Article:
Watch CBS News

De Blasio: Cuomo 'Should Be Charged' Over Sexual Assault, Harassment Claims In AG Investigation

NEW YORK (CBSNewYork) -- Federal, state and local officials are calling for Gov. Andrew Cuomo to resign or be removed from office after an investigation by New York's attorney general found he sexually harassed several women.

Mayor Bill de Blasio upped the ante Wednesday morning, saying the governor should face criminal charges.

"I absolutely believe he should resign for the good of New York State and our people. If he doesn't, the clamor -- which is universal at this point, Democrats and Republicans -- saying he's got to go is going to win the day," the mayor told CBS This Morning. "If he wants to wait for impeachment, he can, but it's coming soon in our state Legislature."

Asked whether Cuomo should be charged criminally, de Blasio said, "It looks like it."

"Yeah. If you assault a woman, you do something against her will sexually, that's criminal," he added. "The Albany County district attorney is looking at that, and I think he should be charged."

WATCH: N.Y. Attorney General James' Press Conference On Report 

WEB EXTRA: Read The Report | Exhibits 1 | Exhibits 2 | Exhibits 3 | Cuomo's Response

Eleven women have come forward accusing him of misconduct, and state Attorney General Letitia James says they were found to be credible.

"I think the governor is in for a lot of litigation civilly, perhaps something criminally, though we don't know that yet," CBS legal analyst Rikki Klieman told CBS2's Dick Brennan.

One woman identified as "Executive Assistant #1" said the governor groped her. According to the report, in November, the governor hugged her and "reached under her blouse and grabbed her breast" while at the executive mansion.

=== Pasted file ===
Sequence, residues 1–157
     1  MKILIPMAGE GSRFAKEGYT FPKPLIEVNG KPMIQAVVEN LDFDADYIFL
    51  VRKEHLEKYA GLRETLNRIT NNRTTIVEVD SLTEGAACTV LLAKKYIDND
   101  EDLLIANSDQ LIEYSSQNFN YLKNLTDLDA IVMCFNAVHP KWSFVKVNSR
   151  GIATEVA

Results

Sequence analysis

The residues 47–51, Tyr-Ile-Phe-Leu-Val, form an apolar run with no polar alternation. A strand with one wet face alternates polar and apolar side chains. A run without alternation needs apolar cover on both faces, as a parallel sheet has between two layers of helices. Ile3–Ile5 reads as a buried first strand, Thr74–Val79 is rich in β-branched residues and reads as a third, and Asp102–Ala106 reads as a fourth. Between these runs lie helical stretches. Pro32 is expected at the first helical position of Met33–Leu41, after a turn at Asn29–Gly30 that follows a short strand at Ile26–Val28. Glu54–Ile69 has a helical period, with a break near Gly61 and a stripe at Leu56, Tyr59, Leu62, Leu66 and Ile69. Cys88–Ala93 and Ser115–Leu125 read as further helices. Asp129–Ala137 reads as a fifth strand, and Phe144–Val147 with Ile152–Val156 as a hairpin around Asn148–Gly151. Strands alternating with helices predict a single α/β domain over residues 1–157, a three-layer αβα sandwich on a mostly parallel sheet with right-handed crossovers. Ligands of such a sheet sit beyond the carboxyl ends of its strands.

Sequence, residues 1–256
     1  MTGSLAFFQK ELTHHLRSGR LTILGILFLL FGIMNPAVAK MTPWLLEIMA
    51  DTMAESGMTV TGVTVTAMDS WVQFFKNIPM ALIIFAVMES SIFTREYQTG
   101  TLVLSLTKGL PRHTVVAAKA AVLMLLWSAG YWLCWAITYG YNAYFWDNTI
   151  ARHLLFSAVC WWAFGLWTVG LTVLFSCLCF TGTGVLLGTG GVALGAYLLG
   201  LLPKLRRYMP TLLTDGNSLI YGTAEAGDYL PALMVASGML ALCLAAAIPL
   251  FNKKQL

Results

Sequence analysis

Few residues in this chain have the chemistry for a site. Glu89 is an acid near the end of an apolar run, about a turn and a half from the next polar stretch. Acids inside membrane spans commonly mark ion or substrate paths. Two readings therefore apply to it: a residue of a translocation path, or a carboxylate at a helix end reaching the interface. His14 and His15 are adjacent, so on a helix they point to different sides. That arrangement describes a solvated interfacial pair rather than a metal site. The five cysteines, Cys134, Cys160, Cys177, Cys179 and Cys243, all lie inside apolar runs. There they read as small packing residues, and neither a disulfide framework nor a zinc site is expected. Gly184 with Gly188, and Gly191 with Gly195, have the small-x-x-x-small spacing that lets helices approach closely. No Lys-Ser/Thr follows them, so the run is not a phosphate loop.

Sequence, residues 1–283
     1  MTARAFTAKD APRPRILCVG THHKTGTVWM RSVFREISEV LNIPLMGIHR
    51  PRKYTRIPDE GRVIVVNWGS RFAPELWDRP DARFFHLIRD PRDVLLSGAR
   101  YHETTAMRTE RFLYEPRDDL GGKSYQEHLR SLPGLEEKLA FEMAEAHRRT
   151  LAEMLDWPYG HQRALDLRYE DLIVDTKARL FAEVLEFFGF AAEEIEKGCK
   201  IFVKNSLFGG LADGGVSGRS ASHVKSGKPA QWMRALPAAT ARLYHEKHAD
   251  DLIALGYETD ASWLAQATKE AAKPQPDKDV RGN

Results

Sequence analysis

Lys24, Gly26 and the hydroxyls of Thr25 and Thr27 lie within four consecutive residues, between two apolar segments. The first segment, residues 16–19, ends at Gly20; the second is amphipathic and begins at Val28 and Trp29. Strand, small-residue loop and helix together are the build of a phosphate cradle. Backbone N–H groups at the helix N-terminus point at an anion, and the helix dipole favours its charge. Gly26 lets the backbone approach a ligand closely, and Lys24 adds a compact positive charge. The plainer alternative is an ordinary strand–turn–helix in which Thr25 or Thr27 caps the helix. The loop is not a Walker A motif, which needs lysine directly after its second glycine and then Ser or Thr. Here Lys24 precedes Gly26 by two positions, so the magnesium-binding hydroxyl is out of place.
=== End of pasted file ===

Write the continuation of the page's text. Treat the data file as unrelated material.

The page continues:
"The attorney general was very clear that she did her job and her job is over, and it is up to any police department, any district attorney's office, if they see any of these allegations, to go forward if they choose to do so," Klieman said.

By Wednesday afternoon, the Manhattan, Nassau and Westchester county district attorneys had asked James' office for access to files on the Cuomo investigation to see if any of the incidents took place under their jurisdiction. The Albany district attorney is also investigating.

"We are reviewing the deeply disturbing findings of the Attorney General's report regarding the Governor's alleged conduct," Acting Nassau County District Attorney Joyce A. Smith said in a statement. "We have requested the Attorney General's records related to any incidents that occurred in Nassau County and will thoroughly and expeditiously investigate any potential crimes."

WATCH: N.Y. Gov. Andrew Cuomo's Press Conference In Response

"While it's significant that they want to review it, nothing really matters until and unless they bring charges," criminal defense attorney Brian Wagner said, adding any potential charges in New York might be brought under "forcible touching," a misdemeanor.

"What that requires is that an individual touches a sexual organ or sexual intimate part of another person for the purpose of gratification, which is why the buttocks and the breast would certainly qualify," Wagner said.

But the much more likely scenario is that Cuomo would face civil lawsuits, where cases don't have to be proven beyond a reasonable doubt.

"In a civil case the evidence has to be by preponderance of the evidence, so what that means is 51%, a little more likely than not, and that's obviously a much lower standard," Wagner said.

And that's because a criminal case involves sending someone to jail, while a civil case is monetary damages.

In addition, the state could also be sued, but legal experts say it might argue the governor was acting outside of his role as governor.

Cuomo said Tuesday he will not step down, insisting he "never touched anyone inappropriately or made inappropriate sexual advances."

WEB EXTRA: Read The Letters From Manhattan DA | Westchester DA

Cuomo also played a slideshow of photos showing him embrace several people, including the Clintons and other public figures.

"I've been making the same gesture in public all my life. I actually learned it from my mother and from my father," he said, adding he now understands there are "generational or cultural perspectives that, frankly, I hadn't fully appreciated."

Mayor de Blasio blasted that line of defense Wednesday, calling it an "embarrassment."

View CBS News In
CBS News App Open
Chrome Safari Continue
Be the first to know
Get browser notifications for breaking news, live events, and exclusive reporting.